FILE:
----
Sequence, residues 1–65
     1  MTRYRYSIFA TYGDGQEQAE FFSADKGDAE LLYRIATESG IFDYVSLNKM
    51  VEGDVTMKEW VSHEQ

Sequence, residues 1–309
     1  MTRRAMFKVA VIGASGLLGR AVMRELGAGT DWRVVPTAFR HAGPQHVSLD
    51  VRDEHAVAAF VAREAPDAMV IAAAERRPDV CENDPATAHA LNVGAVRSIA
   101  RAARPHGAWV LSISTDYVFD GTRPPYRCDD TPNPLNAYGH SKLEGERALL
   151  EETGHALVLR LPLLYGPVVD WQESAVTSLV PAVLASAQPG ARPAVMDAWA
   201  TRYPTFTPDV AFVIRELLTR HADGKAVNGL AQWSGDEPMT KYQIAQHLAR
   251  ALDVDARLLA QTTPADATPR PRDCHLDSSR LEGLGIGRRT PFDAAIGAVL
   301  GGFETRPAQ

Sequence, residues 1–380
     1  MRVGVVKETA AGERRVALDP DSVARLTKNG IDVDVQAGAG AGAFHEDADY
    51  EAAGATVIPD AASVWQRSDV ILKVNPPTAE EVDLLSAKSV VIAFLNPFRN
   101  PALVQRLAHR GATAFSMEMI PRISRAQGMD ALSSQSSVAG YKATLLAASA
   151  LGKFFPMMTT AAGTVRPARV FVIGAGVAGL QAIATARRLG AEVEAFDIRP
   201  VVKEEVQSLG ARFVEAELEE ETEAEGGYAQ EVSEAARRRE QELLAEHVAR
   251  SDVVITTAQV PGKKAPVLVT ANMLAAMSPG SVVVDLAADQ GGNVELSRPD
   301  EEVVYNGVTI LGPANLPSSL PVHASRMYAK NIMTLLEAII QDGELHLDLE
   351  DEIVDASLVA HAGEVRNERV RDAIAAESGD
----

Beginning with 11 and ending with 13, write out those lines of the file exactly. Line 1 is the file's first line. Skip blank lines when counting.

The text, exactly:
   301  GGFETRPAQ

Sequence, residues 1–380
     1  MRVGVVKETA AGERRVALDP DSVARLTKNG IDVDVQAGAG AGAFHEDADY